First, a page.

By Gerry Wakeland
How often have you found yourself ready to throw in the towel? You feel like God doesn’t love you because the doors you long to be opened just don’t open. You think to yourself, “Maybe this speaking and writing is really not what I’m supposed to be doing.” Take heart. You are not the first to feel this way. Nor will you be the last. We all find ourselves in this rut from time to time.
I joined the CLASS staff in 2006. Shortly afterward I attended my first Glorieta Christian Writers Conference. There I met Marilyn Larson. We hit it off right away and soon Marilyn was sharing with me her writing dreams. After that, every time I saw Marilyn I would get an update on the progress of her book.
A few years later, after the writer’s conference had moved to the Ghost Ranch, Marilyn came to me filled with excitement. A publisher had asked her to send him her manuscript. It looked like her dream was finally coming true. Weeks passed, and then months. Marilyn heard nothing. She contacted the publisher she had talked to but there was no response. Marilyn was crushed. I remember her saying, “Maybe it wasn’t meant to be.” Marilyn’s book, her story, was important to her and to God.
In the fall of 2016, I received a package. In it was a copy of Marilyn’s book. Ten years later, not published the way she expected, but her dream had come true. God was faithful.
This is but one of many stories I could share with you. Why, because I want to encourage you. You may feel like your dream will never become a reality. Perhaps life has interrupted your speaking or writing goals. This happens very often. That does not mean you should toss them aside.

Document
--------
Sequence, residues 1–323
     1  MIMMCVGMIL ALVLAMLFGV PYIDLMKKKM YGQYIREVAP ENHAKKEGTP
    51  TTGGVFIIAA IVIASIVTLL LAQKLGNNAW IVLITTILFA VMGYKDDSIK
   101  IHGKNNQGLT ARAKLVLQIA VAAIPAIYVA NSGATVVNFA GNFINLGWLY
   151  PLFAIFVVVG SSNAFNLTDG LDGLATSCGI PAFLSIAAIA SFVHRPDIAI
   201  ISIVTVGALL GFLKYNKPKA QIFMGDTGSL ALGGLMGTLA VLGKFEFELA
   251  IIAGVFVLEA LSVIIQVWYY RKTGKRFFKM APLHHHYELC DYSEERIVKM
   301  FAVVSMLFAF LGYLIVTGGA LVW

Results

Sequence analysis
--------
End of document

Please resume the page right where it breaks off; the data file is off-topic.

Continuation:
Best-selling author, John Grisham did not find it simple breaking into writing. Finding a publisher for his first book, A Time to Kill, was not easy. The book was rejected by 28 publishers before Wynwood Press, an unknown publisher, agreed to give it a modest 5,000-copy printing. It was published in June 1989. Since then Grisham has gone on to pen 36 novels, selling over 250 million copies in 42 languages. He just never gave up.
Florence Chadwick was a long-distance swimmer. In 1952, Florence attempted to swim the 26 miles between Catalina Island and the California coastline. As she began, she was flanked by small boats that watched for sharks and were prepared to help her if she got hurt or grew tired. After about 15 hours a thick fog set in. Florence began to doubt her ability, and she told her mother, who was in one of the boats, that she didn’t think she could make it. She swam for another hour before asking to be pulled out, unable to see the coastline due to the fog. As she sat in the boat, she found out she had stopped swimming just one mile away from her destination. Two months later, she tried again. The same thick fog set in, but she succeeded in reaching Catalina. She said that she kept a mental image of the shoreline in her mind while she swam.
We can learn from Florence Chadwick’s example. We can keep trying and we can keep that mental image of accomplishment in our minds. Whether you picture the cover of your first book, or see yourself standing on a platform speaking to thousands of people, stay focused. Go after what you want and as English Statesman Winston Churchill reminds us, “Never, never, never give up.” You may be the next John Grisham.